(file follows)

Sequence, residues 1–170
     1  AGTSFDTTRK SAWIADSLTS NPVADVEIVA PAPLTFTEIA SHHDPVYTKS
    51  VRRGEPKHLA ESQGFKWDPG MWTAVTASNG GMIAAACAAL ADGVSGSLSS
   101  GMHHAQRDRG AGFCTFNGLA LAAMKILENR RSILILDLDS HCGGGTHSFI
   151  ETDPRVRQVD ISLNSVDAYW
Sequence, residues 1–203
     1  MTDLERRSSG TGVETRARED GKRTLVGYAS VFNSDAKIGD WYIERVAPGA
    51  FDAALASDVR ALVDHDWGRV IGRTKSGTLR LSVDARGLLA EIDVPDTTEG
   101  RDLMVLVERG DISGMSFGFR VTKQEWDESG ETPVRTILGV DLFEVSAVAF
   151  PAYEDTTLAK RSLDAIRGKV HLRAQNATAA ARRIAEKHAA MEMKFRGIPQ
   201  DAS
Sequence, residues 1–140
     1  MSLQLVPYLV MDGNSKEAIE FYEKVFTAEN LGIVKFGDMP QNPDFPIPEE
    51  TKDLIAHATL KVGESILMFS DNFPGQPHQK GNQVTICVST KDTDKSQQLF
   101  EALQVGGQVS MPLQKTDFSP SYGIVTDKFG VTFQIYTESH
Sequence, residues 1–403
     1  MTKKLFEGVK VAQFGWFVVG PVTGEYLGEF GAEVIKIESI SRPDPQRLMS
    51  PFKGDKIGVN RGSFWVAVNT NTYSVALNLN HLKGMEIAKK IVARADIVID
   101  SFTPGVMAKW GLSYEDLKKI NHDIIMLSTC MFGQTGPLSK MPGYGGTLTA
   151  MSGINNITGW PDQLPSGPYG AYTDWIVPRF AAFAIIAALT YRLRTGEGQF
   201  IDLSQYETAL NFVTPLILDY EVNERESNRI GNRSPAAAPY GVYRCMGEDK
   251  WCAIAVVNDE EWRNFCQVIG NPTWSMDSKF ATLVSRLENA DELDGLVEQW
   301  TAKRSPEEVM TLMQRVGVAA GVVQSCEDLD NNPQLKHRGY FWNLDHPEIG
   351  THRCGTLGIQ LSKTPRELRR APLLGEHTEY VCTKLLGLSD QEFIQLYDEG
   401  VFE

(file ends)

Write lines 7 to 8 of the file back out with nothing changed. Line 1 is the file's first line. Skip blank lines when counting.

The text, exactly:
     1  MTDLERRSSG TGVETRARED GKRTLVGYAS VFNSDAKIGD WYIERVAPGA
    51  FDAALASDVR ALVDHDWGRV IGRTKSGTLR LSVDARGLLA EIDVPDTTEG